NA finance body rejects monetary policy

A parliamentary committee has criticised the State Bank's monetary policy as being far from reality.

Express August 04, 2010

ISLAMABAD: A parliamentary committee has added its voice to the chorus of criticism against the State Bank, saying that the central bank has adopted a monetary policy which is far from reality and is hurting the economy.

Chairperson of the national assembly’s standing committee on finance, Fauzia Wahab of the PPP, said the central bank is not accountable to anybody and has framed such a monetary policy which does not reflect ground realities and retards economic growth. “New enterprises are not coming up because of the tight monetary policy,” said Wahab.

The State Bank on July 30 announced its first monetary policy of the current fiscal year in which it increased the benchmark interest rate by 0.5 percentage point to 13 per cent. It attributed the rate hike to increasing inflation.

Independent economists and businessmen have criticised the central bank’s decision. They are of the view that the inflation is not because of excessive demand in the market but was the outcome of heavy borrowing by the federal government from the central bank which is rendering the tight monetary policy ineffective.

Acting Governor of the SBP, Yaseen Anwar, said inflation is a persistent phenomenon. “If interest rates go down the exchange rate stability will be hurt and the rupee will depreciate against the dollar to unimaginable levels.”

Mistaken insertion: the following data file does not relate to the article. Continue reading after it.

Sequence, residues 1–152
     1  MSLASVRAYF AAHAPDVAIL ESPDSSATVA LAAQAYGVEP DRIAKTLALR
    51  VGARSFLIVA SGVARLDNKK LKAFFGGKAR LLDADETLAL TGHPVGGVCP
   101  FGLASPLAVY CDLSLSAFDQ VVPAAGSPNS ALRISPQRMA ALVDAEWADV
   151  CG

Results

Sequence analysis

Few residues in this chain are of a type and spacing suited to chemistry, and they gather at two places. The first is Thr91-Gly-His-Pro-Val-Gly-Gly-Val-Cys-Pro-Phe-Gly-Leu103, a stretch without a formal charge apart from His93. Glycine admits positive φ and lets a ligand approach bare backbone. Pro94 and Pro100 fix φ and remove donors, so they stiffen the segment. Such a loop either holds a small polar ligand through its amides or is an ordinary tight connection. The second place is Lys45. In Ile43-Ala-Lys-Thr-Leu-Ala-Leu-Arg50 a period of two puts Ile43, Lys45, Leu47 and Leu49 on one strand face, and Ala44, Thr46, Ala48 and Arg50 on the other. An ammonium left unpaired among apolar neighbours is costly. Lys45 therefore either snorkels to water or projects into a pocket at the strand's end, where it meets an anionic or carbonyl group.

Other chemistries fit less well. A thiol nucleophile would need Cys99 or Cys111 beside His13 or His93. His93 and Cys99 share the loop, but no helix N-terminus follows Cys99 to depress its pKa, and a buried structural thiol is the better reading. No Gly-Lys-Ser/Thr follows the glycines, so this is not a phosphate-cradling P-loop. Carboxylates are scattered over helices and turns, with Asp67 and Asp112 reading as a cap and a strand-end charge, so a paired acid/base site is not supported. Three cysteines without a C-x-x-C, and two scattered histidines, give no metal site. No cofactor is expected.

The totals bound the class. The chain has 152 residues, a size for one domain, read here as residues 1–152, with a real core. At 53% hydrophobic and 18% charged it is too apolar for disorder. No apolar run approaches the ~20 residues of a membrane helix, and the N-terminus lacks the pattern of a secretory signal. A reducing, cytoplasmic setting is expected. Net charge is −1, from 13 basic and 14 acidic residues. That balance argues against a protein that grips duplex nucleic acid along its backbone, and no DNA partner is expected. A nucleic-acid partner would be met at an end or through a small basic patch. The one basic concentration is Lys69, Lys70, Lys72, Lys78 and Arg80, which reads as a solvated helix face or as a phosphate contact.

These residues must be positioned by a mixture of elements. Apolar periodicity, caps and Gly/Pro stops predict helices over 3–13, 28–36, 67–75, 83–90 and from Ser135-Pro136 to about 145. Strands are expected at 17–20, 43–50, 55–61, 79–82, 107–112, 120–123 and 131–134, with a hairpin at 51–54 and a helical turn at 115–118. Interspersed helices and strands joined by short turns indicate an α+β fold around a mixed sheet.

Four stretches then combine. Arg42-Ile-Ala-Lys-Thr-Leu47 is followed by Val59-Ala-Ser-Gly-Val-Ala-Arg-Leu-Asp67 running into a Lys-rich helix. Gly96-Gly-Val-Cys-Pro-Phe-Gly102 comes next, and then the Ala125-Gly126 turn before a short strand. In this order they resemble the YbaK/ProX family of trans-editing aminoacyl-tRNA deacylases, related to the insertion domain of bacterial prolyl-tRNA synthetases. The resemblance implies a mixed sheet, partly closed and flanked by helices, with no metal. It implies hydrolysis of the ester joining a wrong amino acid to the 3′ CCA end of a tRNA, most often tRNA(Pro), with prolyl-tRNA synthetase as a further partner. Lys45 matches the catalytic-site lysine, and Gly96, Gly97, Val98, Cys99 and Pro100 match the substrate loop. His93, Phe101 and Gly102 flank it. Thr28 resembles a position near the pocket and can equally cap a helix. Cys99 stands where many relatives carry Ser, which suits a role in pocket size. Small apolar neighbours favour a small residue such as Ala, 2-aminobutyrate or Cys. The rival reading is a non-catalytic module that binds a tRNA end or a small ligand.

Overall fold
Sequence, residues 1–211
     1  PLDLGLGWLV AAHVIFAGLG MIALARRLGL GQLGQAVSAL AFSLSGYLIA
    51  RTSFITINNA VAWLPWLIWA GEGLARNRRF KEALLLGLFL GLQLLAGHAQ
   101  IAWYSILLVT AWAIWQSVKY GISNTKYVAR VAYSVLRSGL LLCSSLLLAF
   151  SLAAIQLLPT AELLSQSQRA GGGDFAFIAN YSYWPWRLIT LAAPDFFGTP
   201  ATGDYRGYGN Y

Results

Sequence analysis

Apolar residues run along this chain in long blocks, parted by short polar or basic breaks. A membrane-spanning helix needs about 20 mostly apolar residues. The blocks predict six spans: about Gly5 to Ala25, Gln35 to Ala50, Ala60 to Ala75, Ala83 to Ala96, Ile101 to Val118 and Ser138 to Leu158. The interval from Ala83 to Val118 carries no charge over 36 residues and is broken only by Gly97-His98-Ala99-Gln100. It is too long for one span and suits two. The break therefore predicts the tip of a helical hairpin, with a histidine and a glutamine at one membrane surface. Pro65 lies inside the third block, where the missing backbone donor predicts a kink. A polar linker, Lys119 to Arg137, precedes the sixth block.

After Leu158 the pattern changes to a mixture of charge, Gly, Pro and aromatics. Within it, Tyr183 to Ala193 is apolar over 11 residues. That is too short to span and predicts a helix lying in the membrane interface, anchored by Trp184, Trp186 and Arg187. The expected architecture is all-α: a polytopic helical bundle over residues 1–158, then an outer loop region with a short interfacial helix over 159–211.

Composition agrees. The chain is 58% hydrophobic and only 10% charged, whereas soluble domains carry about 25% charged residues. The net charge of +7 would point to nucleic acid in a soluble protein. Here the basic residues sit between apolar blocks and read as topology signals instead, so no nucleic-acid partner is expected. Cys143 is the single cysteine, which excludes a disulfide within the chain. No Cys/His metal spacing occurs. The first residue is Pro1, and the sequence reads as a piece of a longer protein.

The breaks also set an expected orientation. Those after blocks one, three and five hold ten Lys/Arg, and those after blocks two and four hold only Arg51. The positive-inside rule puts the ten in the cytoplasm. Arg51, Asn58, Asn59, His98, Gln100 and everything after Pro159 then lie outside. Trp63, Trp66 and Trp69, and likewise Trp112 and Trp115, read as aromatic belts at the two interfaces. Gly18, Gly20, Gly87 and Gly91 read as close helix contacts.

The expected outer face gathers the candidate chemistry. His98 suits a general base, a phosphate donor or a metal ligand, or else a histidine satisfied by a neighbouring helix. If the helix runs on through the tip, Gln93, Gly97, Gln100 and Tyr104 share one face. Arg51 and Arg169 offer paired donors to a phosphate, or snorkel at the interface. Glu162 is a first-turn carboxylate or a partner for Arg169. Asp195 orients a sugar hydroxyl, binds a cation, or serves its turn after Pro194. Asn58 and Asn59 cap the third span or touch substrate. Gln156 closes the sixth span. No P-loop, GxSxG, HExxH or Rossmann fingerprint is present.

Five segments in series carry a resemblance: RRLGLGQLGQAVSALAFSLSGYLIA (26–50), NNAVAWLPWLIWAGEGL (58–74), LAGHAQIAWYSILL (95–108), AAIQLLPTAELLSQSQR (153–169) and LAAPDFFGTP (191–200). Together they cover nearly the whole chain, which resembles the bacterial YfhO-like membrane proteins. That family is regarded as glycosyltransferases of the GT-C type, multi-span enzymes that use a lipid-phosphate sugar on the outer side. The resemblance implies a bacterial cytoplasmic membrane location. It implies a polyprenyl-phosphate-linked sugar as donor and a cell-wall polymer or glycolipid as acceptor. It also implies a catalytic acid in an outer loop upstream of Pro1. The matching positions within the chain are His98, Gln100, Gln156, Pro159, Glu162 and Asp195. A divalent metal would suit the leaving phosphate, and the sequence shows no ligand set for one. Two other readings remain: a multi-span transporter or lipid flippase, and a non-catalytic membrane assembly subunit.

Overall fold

He said the decision was taken by the monetary policy committee and unanimously approved by the Central Board of the bank.

Chief Economist of the SBP, Riaz Riazuddin, said the bulk of total credit available in the system was taken away by the government, which was actually hurting economic growth.

He said the reduction in inflation from 25 to 12 per cent was not because of government’s efforts but due to a fall in commodities’ prices in the world market. He said the central bank’s policy only played a partial role in reducing the inflation.

The chief economist said interest rate was increased because the central bank saw certain imbalance in the economy, adding current account deficit, the gap between international receipts and payments, shrank because imports of certain items declined in quantity.

He cautioned that by reducing imports the government cannot ensure sustainable growth and the recent impetus to growth may not be sustained in the medium and long run.

Last year, he said, there was consumption-led growth, which may continue this year as well but it will hardly be sustained in the medium and long run. Riaz said the government spent more than the private sector and that too was not productive.

Published in The Express Tribune, August 4th, 2010.


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